Spruce Budworm-Caused Mortality to Balsam Fir and Black Spruce in Pure and Mixed Conifer Stands
Spruce budworm (
Choristoneura fumiferana Clem.) (SBW) outbreaks have caused considerable damage to coniferous forests dominated by balsam fir ( Abies balsamea
[L.] Mill.) or black spruce ( Picea mariana [Mill.]). Hence, forecasting SBW-caused mortality of these species is an important step in allowable annual cut calculations of the forest industry in northeastern North America.
This study developed prediction models of balsam fir and black spruce mortality caused by SBW and compared SBW-caused mortality of fir and spruce that were growing under similar stand conditions. Zero-inflated models were estimated for the entire range of balsam fir and black spruce in Quebec,
Canada, using historical records of insect defoliation and permanent sample plot inventories from 1970 to 2006. Fir and spruce mortality caused by SBW was successfully related to historical records of defoliation through a growth reduction index. Fir mortality increased with the number of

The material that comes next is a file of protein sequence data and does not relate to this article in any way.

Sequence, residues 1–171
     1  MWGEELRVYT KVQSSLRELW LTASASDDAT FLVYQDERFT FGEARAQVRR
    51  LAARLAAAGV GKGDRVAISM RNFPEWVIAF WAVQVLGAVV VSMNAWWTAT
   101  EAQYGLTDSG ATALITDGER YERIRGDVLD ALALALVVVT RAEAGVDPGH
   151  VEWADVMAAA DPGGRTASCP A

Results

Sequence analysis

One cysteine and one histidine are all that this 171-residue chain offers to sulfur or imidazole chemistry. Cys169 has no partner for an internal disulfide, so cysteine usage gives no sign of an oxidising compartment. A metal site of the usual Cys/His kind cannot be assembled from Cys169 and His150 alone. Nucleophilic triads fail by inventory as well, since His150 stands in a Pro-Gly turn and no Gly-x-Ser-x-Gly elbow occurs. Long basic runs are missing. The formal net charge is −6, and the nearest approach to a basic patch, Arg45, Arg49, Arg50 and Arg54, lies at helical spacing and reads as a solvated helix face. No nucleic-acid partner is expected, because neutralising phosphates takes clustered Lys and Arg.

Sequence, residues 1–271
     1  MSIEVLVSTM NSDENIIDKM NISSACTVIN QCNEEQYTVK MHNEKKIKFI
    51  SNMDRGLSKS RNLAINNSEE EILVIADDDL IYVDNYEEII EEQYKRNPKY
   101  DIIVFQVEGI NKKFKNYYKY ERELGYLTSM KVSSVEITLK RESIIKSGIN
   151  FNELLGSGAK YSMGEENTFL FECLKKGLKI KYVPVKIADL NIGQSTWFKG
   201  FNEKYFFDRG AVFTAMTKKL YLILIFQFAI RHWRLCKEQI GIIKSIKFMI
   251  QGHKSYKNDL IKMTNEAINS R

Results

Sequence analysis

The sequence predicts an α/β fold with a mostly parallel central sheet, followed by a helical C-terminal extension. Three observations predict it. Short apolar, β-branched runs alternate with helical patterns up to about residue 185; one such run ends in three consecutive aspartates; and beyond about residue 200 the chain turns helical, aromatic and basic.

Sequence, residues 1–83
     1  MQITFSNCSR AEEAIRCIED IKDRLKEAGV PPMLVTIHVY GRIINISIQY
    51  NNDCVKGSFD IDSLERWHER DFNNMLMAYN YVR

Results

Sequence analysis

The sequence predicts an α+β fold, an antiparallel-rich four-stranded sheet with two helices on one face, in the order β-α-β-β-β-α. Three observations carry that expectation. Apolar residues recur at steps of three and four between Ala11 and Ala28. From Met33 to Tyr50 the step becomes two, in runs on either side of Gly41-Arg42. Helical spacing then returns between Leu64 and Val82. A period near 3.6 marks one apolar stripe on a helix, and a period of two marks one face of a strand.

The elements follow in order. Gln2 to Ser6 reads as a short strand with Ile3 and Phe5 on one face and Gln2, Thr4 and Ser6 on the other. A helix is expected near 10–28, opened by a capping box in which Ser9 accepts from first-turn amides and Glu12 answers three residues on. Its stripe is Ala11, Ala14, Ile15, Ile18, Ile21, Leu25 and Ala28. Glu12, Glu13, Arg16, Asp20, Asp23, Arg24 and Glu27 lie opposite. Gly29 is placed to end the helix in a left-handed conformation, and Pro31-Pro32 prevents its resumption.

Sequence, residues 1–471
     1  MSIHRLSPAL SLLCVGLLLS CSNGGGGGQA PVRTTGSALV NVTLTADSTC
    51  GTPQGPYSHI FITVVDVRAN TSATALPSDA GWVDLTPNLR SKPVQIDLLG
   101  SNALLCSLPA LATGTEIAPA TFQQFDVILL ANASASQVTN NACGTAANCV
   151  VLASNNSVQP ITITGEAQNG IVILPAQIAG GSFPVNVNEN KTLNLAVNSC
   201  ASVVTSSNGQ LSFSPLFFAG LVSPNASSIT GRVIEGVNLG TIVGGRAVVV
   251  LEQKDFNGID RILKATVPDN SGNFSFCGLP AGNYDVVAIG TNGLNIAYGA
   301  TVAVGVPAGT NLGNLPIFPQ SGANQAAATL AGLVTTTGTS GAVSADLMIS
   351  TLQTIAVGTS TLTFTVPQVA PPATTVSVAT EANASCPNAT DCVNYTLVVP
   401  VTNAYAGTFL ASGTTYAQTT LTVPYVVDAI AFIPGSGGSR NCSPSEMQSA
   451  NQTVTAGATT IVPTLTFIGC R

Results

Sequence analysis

years of severe defoliation and was always greater than that of spruce, which appeared to be weakly affected by SBW defoliation. In mixed spruce-fir stands, the total volume of mortality decreased almost linearly with increasing proportions of black spruce. This suggests that thinning aimed
to increase spruce proportions could be efficient in reducing overall stand mortality during an SBW outbreak.
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Document Type: Research Article
Publication date: 2012-02-01
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